Their most famous political alum [edit: oops, he's a professor, not an alum] is no doubt the very nutty John Ashcroft, who was anointed with cooking oil each time he has been elected to public office, "'in the manner of King David,' as he points out in his memoirs Lessons from a Father to His Son." (Ashcroft is now a professor at Regent.)
More recently in the news is Monica Goodling:
One of those graduates is Monica Goodling, the former top aide to Attorney General Alberto Gonzales who is at the center of the storm over the firing of US attorneys. Goodling, who resigned on Friday, has become the face of Regent overnight -- and drawn a harsh spotlight to the administration's hiring of officials educated at smaller, conservative schools with sometimes marginal academic reputations.
Documents show that Goodling, who has asserted her Fifth Amendment right against self-incrimination to avoid testifying before Congress, was one of a handful of officials overseeing the firings. She helped install Timothy Griffin , the Karl Rove aide and her former boss at the Republican National Committee, as a replacement US attorney in Arkansas.
Because Goodling graduated from Regent in 1999 and has scant prosecutorial experience, her qualifications to evaluate the performance of US attorneys have come under fire. Senator Sheldon Whitehouse, Democrat of Rhode Island, asked at a hearing: "Should we be concerned with the experience level of the people who are making these highly significant decisions?"
The Regent law school was founded in 1986, when Oral Roberts University shut down its ailing law school and sent its library to Robertson's Bible-based college in Virginia. It was initially called "CBN University School of Law" after the televangelist's Christian Broadcasting Network, whose studios share the campus and which provided much of the funding for the law school. (The Coors Foundation is also a donor to the university.) The American Bar Association accredited Regent 's law school in 1996.
Not long ago, it was rare for Regent graduates to join the federal government. But in 2001, the Bush administration picked the dean of Regent's government school, Kay Coles James , to be the director of the Office of Personnel Management -- essentially the head of human resources for the executive branch. The doors of opportunity for government jobs were thrown open to Regent alumni.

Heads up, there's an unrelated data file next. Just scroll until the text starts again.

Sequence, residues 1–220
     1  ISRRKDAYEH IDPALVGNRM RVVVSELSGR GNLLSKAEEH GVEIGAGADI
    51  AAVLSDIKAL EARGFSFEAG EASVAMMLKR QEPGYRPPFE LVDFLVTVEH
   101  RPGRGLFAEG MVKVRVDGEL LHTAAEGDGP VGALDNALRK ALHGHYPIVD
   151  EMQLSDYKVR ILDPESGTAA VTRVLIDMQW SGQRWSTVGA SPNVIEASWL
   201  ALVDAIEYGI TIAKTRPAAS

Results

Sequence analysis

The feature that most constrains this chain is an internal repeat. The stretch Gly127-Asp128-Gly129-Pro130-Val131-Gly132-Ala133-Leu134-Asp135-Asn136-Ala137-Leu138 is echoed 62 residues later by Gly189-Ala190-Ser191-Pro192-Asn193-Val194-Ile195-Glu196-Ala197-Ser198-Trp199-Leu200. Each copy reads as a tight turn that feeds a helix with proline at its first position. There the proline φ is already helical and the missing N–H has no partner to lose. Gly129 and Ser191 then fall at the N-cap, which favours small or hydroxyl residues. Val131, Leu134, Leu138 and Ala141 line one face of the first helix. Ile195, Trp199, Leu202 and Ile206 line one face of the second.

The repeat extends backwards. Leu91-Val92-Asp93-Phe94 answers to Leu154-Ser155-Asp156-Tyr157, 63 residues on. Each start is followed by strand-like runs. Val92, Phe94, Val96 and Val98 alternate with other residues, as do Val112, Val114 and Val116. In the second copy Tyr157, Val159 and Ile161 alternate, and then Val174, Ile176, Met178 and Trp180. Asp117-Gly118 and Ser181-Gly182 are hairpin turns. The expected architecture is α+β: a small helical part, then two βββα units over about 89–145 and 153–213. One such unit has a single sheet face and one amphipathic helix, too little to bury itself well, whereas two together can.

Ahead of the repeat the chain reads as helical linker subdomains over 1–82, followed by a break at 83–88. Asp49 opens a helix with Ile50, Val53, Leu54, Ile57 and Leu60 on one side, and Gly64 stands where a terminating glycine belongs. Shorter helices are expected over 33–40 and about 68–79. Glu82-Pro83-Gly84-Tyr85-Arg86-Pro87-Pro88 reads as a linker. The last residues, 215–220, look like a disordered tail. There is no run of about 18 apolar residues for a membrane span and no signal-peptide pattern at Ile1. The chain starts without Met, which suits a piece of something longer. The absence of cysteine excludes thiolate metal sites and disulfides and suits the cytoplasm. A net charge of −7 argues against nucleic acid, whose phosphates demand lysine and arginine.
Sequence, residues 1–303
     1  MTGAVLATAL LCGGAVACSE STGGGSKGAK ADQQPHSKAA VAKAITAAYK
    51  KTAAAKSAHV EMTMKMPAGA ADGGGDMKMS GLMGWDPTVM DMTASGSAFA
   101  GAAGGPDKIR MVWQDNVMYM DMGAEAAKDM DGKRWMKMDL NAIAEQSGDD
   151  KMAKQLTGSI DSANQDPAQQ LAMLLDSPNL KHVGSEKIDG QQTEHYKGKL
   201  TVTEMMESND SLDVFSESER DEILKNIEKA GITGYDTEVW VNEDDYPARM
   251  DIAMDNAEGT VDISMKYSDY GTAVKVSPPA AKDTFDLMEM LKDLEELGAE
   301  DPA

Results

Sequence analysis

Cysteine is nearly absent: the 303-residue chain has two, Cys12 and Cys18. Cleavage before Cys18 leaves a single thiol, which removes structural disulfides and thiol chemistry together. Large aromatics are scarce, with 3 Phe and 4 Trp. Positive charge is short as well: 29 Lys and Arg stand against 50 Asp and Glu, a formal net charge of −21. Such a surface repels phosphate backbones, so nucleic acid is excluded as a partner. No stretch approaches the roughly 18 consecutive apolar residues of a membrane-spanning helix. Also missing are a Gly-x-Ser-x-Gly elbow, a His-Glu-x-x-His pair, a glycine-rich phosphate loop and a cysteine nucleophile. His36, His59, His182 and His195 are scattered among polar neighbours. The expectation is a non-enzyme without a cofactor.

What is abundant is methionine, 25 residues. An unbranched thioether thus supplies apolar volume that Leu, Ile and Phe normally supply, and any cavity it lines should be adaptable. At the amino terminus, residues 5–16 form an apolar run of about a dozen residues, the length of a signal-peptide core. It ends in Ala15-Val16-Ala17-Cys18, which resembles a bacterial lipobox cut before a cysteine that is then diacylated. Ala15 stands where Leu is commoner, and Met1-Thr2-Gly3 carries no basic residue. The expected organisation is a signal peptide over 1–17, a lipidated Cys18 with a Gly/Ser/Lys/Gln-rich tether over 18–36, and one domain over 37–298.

"We've had great placement," said Jay Sekulow , who heads a non profit law firm based at Regent that files lawsuits aimed at lowering barriers between church and state. "We've had a lot of people in key positions."
Many of those who have Regent law degrees, including Goodling, joined the Department of Justice. Their path to employment was further eased in late 2002, when John Ashcroft, then attorney general, changed longstanding rules for hiring lawyers to fill vacancies in the career ranks.
Previously, veteran civil servants screened applicants and recommended whom to hire, usually picking top students from elite schools.
In a recent Regent law school newsletter, a 2004 graduate described being interviewed for a job as a trial attorney at the Justice Department's Civil Rights Division in October 2003. Asked to name the Supreme Court decision from the past 20 years with which he most disagreed, he cited Lawrence v. Texas, the ruling striking down a law against sodomy because it violated gay people's civil rights.
"When one of the interviewers agreed and said that decision in Lawrence was 'maddening,' I knew I correctly answered the question," wrote the Regent graduate . The administration hired him for the Civil Rights Division's housing section -- the only employment offer he received after graduation, he said.
The graduate from Regent -- which is ranked a "tier four" school by US News & World Report, the lowest score and essentially a tie for 136th place -- was not the only lawyer with modest credentials to be hired by the Civil Rights Division after the administration imposed greater political control over career hiring.
The changes resulted in a sometimes dramatic alteration to the profile of new hires beginning in 2003, as the Globe reported last year after obtaining resumes from 2001-2006 to three sections in the civil rights division. Conservative credentials rose, while prior experience in civil rights law and the average ranking of the law school attended by the applicant dropped.
As the dean of a lower-ranked law school that benefited from the Bush administration's hiring practices, Jeffrey Brauch of Regent made no apologies in a recent interview for training students to understand what the law is today, and also to understand how legal rules should be changed to better reflect "eternal principles of justice," from divorce laws to abortion rights.
Loyalty over competence. Simple-minded Christianity over reason.